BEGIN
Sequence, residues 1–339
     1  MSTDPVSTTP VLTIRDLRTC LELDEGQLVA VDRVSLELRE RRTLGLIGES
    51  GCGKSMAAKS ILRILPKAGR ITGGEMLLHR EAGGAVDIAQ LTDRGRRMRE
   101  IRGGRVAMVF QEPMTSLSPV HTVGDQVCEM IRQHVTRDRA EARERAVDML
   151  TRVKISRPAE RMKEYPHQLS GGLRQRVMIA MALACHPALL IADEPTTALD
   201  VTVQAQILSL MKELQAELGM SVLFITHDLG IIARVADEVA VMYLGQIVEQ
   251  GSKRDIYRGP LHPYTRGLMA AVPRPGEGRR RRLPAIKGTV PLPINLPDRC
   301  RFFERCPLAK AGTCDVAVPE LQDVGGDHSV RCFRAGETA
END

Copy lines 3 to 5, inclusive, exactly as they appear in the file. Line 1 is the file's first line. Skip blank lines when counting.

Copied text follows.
    51  GCGKSMAAKS ILRILPKAGR ITGGEMLLHR EAGGAVDIAQ LTDRGRRMRE
   101  IRGGRVAMVF QEPMTSLSPV HTVGDQVCEM IRQHVTRDRA EARERAVDML
   151  TRVKISRPAE RMKEYPHQLS GGLRQRVMIA MALACHPALL IADEPTTALD